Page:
Drones, Baby, Drones examines remote-control conflict and its real life effect

Rose Reynolds in Drones, Baby, Drones at the Arcola. Picture: Jane Versweyveld

Rose Reynolds in Drones, Baby, Drones at the Arcola. Picture: Jane Versweyveld - Credit: Archant

Commissioned by Nicolas Kent, The Arcola’s short plays highlight this new factor in modern warfare and how it affects those in control and on the receiving end

As Barack Obama prepares to leave office, a world premiere double bill at the Arcola examines the moral complexity of drone warfare on his watch.

Ron Hutchinson and Christina Lamb’s political thriller This Tuesday highlights sex, power and infighting among the Washington elite who meet every Tuesday to decide strike targets.

And David Greig’s The Kid follows two drone operators celebrating their latest mission at a dinner party 7,000 miles from where their missile landed on a Pakistani wedding party.

Co-produced by Jemima Khan, Drones, Baby, Drones derives from a quote by US defence secretary Robert Gates about modern warfare: “From now on, it’s drones, baby, drones.”

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The short plays probing remote-controlled conflict were commissioned by Nicolas Kent who, during his time as artistic director of Kilburn’s Tricycle Theatre, staged early examples of verbatim theatre.

“Back in 2011, Christina (Sunday Times foreign correspondent) was very exercised that the drones programme was so secretive. It was extra-judicial killing effectively in proxy wars fought in a virtual reality space so you don’t look the people in the eyes who you are fighting and you are not risking your own life. Soldiers at Creech Airforce Base operating the drones were often suffering PTSD which means they weren’t absolutely regarding it as a video game.”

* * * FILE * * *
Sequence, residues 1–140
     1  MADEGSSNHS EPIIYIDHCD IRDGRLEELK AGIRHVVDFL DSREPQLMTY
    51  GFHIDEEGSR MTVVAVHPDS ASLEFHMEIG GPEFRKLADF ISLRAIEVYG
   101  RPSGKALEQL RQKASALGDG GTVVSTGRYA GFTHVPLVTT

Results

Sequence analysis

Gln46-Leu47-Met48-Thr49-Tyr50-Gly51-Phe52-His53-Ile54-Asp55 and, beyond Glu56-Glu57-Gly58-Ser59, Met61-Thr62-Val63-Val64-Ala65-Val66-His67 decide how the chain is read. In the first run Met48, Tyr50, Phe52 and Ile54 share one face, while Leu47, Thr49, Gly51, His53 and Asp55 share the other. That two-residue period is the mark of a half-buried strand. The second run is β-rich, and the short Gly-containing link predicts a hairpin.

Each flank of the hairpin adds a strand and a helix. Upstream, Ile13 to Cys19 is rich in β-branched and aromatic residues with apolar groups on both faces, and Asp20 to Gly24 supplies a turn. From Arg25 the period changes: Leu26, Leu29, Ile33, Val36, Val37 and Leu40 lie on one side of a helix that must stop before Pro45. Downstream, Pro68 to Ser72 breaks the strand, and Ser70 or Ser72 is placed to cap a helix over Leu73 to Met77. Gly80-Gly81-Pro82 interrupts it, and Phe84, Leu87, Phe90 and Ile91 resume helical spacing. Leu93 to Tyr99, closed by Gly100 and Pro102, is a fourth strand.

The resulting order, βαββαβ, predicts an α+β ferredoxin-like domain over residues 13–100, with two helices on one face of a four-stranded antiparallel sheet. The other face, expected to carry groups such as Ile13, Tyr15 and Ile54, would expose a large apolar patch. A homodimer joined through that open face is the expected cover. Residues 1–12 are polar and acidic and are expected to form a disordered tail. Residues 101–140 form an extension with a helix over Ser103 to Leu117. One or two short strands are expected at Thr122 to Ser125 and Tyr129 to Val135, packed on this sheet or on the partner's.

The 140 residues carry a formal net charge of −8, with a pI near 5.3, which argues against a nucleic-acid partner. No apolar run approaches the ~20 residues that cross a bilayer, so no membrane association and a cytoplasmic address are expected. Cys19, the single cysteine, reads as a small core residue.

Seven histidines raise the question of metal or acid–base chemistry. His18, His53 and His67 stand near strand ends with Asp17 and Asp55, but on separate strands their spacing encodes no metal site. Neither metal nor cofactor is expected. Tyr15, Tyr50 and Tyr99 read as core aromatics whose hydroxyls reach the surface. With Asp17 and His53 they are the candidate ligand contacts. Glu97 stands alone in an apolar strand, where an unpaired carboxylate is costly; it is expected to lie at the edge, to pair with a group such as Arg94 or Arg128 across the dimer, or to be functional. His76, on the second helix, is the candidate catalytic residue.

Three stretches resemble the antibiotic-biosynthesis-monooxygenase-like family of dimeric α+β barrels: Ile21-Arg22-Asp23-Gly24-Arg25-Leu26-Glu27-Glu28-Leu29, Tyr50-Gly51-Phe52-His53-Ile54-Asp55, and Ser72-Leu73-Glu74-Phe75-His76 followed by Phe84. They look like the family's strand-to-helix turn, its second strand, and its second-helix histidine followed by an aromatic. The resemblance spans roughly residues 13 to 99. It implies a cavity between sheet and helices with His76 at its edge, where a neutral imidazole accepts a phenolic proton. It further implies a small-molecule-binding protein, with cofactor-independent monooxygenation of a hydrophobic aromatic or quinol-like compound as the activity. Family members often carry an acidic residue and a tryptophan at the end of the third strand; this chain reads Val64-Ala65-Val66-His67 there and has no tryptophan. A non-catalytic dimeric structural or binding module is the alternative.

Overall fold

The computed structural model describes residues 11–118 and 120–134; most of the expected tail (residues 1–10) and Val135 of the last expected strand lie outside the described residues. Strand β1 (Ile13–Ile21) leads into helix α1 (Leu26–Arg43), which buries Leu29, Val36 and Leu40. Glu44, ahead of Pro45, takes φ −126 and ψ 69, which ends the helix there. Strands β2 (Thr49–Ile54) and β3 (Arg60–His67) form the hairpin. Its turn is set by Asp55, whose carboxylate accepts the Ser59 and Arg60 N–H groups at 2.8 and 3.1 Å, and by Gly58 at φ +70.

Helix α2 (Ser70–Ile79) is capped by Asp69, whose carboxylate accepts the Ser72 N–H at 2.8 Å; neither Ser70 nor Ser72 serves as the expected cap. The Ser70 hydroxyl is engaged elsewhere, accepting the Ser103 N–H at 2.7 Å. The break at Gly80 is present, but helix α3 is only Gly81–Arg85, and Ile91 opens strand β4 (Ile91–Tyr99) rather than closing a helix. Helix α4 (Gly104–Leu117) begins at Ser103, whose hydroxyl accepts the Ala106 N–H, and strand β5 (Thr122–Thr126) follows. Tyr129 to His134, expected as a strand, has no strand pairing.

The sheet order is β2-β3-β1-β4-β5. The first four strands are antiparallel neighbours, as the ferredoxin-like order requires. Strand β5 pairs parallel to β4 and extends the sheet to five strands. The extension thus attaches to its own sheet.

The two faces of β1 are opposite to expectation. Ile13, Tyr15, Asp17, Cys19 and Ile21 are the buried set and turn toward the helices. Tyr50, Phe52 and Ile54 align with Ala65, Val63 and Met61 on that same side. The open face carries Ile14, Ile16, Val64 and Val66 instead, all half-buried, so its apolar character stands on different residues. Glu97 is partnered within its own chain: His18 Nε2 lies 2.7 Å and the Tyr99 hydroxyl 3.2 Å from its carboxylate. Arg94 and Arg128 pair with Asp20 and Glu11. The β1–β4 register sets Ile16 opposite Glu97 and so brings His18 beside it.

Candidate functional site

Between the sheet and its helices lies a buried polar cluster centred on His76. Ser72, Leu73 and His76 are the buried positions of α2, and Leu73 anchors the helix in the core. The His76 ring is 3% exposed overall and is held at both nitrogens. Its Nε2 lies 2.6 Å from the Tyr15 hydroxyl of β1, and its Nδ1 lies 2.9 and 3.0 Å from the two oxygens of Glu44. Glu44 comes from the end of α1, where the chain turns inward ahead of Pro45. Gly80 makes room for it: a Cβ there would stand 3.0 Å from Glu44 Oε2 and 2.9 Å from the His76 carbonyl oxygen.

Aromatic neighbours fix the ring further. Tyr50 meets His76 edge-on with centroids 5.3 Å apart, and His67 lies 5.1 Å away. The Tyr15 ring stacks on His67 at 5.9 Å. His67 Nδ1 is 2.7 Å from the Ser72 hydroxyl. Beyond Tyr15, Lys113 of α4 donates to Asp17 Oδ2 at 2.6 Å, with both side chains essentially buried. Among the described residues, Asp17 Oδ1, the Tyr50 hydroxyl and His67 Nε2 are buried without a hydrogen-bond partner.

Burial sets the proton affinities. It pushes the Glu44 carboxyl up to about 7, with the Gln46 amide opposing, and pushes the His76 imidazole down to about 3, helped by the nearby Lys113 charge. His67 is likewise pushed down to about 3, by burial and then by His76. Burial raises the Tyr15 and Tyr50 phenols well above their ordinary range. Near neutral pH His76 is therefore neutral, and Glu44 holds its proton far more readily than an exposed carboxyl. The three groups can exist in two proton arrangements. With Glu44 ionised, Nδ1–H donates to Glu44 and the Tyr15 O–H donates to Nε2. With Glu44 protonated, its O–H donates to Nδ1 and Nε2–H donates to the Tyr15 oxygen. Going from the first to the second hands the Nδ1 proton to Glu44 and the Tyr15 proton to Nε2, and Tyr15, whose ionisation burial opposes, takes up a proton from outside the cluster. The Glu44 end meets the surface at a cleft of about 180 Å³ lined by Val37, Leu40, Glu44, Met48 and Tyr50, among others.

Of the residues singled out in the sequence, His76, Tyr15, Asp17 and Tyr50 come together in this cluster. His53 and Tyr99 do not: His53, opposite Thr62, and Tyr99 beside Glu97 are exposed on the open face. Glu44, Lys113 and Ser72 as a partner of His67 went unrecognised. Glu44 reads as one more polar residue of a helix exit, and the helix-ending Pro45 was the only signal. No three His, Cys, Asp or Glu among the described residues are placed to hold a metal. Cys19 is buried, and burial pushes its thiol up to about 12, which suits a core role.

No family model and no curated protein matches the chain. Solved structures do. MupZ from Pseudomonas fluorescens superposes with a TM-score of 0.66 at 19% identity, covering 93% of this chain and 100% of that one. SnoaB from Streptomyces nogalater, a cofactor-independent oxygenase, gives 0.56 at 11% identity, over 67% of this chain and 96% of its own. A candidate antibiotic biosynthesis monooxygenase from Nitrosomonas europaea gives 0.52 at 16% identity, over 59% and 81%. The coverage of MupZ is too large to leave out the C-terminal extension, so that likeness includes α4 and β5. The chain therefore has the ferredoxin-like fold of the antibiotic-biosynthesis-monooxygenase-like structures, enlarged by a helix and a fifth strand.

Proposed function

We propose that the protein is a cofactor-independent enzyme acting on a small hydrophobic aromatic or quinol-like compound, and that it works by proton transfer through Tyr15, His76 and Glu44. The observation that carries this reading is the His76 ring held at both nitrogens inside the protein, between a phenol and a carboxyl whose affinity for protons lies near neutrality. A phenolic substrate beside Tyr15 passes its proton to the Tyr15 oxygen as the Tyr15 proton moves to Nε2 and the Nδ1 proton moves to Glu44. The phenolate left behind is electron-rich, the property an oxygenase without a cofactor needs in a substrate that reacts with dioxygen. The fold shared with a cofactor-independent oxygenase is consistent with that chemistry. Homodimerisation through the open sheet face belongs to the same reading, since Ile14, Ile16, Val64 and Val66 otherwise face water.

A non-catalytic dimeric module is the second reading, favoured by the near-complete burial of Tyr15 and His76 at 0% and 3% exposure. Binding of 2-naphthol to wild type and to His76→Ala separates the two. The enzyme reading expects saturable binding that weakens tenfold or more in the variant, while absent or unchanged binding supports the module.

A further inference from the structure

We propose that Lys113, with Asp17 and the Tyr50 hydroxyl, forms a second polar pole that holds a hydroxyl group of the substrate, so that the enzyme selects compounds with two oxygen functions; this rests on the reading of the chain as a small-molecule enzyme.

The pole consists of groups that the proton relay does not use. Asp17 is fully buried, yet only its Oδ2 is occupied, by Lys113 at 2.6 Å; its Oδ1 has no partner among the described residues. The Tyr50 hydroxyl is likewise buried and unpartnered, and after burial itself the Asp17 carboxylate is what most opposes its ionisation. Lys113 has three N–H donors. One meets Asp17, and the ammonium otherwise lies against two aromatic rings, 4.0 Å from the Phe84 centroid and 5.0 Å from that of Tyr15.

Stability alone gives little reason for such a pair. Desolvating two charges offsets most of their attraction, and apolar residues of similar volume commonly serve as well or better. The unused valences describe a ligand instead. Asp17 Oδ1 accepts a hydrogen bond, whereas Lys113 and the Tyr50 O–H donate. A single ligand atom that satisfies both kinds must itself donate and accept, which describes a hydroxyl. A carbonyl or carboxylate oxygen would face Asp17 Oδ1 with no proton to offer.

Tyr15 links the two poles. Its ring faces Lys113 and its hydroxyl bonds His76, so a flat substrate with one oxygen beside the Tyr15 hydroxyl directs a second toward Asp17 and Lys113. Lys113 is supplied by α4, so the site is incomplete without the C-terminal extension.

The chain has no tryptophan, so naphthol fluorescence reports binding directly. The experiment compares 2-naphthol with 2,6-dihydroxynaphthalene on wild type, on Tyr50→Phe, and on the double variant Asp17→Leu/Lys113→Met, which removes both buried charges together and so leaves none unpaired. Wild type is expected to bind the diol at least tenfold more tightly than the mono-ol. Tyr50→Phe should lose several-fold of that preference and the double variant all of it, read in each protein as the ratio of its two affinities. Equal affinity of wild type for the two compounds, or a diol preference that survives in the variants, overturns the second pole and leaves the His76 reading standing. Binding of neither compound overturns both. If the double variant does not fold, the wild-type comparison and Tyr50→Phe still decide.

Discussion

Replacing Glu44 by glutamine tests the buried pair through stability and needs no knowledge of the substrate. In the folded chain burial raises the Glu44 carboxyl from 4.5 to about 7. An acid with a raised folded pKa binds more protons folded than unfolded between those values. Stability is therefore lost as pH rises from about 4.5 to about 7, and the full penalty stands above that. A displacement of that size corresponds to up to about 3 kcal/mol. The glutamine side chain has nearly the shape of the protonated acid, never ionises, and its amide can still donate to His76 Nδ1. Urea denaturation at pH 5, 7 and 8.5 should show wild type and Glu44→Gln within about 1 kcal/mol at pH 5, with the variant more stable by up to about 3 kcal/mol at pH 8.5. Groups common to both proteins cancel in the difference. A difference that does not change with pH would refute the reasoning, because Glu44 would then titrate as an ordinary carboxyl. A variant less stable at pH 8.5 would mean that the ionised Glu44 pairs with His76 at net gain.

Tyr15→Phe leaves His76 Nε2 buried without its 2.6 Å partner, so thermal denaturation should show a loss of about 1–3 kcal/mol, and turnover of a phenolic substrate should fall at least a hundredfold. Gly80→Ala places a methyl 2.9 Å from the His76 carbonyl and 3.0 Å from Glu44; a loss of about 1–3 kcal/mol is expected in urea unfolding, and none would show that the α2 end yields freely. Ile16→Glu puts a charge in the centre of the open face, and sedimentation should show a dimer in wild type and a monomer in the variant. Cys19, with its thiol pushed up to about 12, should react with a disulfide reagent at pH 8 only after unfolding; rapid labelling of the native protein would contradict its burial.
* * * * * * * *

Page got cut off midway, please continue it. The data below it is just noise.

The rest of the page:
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Clive Stafford Smith of human rights group Reprieve raised the issue that for every target killed in the Pakistani region of Waziristan nine children also died.

“There’s a great feeling that the programme is counterproductive. It breeds more militants and destroys whole communities just to take out one person.”

Kent asserts that the CIA also use drones but are “much less open to review. The Pentagon can be called in front of Congress but that is really outside the law.” And the British have a kill list, carrying out attacks with drones operated from East Anglia.

Kent directs This Tuesday while Arcola artistic director Mehmet Ergen directs The Kid.

“In the first, the target is selected, in the second, we see the aftermath, the two plays talk to each other and tell the story in a rather thrilling way. It’s a provocative challenging 90 minutes packed with ideas and argument.”

Which is how Kent likes his theatre to be.

While at the Tricycle he commissioned playwrights to respond to big issues such as British involvement in Afghanistan (The Great Game) and Nuclear war (The Bomb).

“I am interested in single issue politics,” he says. “I keep asking questions that interest me, to shed some light, find answers and better understand the debate.”

The Bomb sprang from having “lived the cycle of the history of the nuclear bomb and wanting to know why we were hanging onto our deterrents.”

Another World at the National Theatre earlier this year asked “why it was attractive to young women to become radicalized and give up their lives in this country?”

With Drones it was the “justification for the extra judicial killing”.

Kent believes theatre is an antidote to a world where we often dissociate from big issues.

“We are living in a 15 minute culture but theatre makes you concentrate and really wrestle with an idea for an hour. You sit in a room with other people, some like minded some not, and go through the same experience communally. It can be incredibly exciting. It forces you to engage with other people and the big questions that concern society.”

Until November 26 at the Arcola.

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